Locally grown, L.A.-based singer/songwriter Christina Apostolopoulos returns to town to celebrate the release of her debut album with a show at SOhO on Tuesday, May 1.
Courtesy Photo

IF MUSIC BE THE FOOD OF LOVE: Ah, love! Without it, songwriters would be mute, flightless doves, gasping and flapping in silence, crooning vocal voids into a heartless universe. Thankfully, love springs eternal, and as Santa Barbara’s Christina Apostolopoulos sings on the title track of her beautifully crafted new album, The Only Thing I’m Good At, love can be our saving grace when all else fails. “I can’t sew a button, and I can’t cook a chicken, and when I dance people think I’m itching,” she sings. “The only thing I’m good at is loving you.”

The new album, her first, has been a labor of love for the locally grown, L.A.-based singer/songwriter. She will celebrate with an album-release show at SOhO Restaurant & Music Club (1221 State St.) on Tuesday, May 1, at 7 p.m.; the album itself debuts a few days earlier, on April 27. The Only Thing I’m Good At marks a milestone for Apostolopoulos, who picked up her first guitar around age 7 or 8 and went on to study at Berklee College of Music. Honing her skills on a mix of Led Zeppelin songs and classical pieces, the Santa Barbara High School alum played some of her first shows at the Good Cup’s open mics as a teen. She cites John Mayer, Bonnie Raitt, Phoebe Bridgers, and Margaret Glaspy as influences over the years.

In many ways, music is her first love. “Writing these songs came from a pure love of what I was doing and had nothing to do with how people perceive it,” she said. She cherishes the innate embrace of her inner muse, the love for music: “That, to me, is the kernel of everything, and I protect that with my life.”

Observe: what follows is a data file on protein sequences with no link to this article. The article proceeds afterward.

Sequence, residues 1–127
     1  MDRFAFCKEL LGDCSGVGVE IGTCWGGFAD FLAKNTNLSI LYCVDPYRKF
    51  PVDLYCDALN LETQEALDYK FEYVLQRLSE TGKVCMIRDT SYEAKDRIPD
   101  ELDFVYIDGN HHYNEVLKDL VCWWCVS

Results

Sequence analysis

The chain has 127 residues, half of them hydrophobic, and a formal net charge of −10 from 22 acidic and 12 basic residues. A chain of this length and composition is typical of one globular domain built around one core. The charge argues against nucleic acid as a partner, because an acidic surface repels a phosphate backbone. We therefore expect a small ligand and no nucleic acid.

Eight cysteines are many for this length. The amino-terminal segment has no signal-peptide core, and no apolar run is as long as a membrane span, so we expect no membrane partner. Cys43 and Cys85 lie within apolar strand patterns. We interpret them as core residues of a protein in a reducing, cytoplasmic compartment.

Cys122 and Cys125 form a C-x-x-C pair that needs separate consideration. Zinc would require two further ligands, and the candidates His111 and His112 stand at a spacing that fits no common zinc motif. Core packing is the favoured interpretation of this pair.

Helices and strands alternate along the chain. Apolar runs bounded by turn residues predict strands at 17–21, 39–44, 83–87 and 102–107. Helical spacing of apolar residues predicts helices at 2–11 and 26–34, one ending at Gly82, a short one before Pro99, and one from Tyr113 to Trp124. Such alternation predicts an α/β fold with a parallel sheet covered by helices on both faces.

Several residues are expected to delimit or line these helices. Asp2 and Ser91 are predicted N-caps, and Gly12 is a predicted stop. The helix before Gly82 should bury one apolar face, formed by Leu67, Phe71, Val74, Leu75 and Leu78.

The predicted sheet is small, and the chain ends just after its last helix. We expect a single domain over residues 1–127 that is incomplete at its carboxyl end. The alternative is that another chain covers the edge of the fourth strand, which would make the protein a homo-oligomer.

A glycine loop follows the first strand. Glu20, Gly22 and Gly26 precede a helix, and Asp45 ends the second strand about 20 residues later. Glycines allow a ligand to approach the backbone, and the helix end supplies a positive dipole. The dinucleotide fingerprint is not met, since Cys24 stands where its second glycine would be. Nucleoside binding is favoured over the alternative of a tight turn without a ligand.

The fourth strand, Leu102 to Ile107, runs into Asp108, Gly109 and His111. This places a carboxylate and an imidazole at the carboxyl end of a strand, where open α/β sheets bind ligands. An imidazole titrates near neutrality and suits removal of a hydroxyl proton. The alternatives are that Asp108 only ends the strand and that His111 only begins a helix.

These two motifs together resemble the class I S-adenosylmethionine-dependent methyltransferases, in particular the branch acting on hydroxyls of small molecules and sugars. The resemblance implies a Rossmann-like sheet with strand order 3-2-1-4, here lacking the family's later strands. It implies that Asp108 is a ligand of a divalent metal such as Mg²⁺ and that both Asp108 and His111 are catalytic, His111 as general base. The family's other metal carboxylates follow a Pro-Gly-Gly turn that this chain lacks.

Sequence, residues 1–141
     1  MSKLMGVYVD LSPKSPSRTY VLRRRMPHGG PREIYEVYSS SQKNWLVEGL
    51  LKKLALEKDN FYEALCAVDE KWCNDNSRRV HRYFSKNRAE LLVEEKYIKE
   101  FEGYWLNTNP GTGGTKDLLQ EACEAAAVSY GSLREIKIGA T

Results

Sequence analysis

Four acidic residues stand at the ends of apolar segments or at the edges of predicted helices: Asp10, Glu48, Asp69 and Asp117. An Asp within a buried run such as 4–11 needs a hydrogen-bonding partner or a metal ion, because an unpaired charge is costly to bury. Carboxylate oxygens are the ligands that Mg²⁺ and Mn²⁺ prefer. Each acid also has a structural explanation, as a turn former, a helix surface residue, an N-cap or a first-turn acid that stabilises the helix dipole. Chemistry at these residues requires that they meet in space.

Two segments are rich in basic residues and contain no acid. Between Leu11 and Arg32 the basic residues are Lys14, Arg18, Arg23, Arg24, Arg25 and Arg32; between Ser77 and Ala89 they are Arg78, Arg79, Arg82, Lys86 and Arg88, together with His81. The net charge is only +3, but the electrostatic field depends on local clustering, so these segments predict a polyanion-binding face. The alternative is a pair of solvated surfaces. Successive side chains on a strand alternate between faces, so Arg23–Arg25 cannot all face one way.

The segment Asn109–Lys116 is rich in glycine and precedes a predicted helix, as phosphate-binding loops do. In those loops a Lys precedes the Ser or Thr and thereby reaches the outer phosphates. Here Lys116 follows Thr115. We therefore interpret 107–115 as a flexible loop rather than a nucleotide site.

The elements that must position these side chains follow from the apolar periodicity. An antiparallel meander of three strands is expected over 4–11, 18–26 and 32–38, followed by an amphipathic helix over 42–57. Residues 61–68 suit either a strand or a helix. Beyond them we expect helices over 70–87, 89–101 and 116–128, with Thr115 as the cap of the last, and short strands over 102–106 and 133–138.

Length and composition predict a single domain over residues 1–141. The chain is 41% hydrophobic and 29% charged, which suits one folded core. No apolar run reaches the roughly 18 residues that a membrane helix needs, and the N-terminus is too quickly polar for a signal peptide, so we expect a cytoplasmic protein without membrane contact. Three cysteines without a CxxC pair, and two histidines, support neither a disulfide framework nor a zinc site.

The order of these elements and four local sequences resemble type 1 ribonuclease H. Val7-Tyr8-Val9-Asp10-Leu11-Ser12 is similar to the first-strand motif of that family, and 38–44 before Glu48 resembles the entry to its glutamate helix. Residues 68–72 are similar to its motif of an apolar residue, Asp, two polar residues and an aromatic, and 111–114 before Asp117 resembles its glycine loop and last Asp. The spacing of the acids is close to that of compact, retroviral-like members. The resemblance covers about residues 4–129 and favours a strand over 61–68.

On her new album, she explores love in all its silly, distressing, lovable messiness. “I think certainly they’re all love songs of a certain sort; there’s a kind of humor that I tend to use, a whimsy.” Though love’s lately been kind to her, Apostolopoulos’s album also delves into what she deems “the beautiful sadness,” the failed loves: songs about “something that never happened, the love that never became a relationship. That can be more inspiring than something that actually happened.”

This homecoming show sees her equipped with a voice of strength and wit, ready to share the love back with the community that helped shape her. It’ll be a jubilant time, she said, replete with her trademark cheeky banter. “I’m excited to thank everybody for making this happen,” she said. “It’s a celebration of completion and a celebration of the community.”

GUITAR HERO: The Dan Zimmerman Trio will play at SOhO on Sunday, April 29, 7:30 p.m. For those who missed the tantalizing trio of Zimmerman, Luis Muñoz, and Brendan Statom when they last played their hypnotic set in our 805, make sure to see the triumphant three-piece this time around, as it will lull you into a state of wondrous enjoyment.

AS REAL AS IT GETS: Over at the Lobero Theatre (33 E. Canon Perdido St.), Lukas Nelson & Promise of the Real keep their rock real with some of the finest pedigrees of any present-day American performer. They play at the historic venue on Monday, April 30, with country musician Tyler Childers as opener, beginning at 7:30 p.m. The band has graced our town a couple of memorable times over the last few years, with a Jazz Festival–headlining show at SOhO last year and as Neil Young’s new band at the Santa Barbara Bowl in 2015. “Rock ’n’ roll is here to stay,” as Young once sang, and as torchbearers go, Nelson & co. burn especially brightly.


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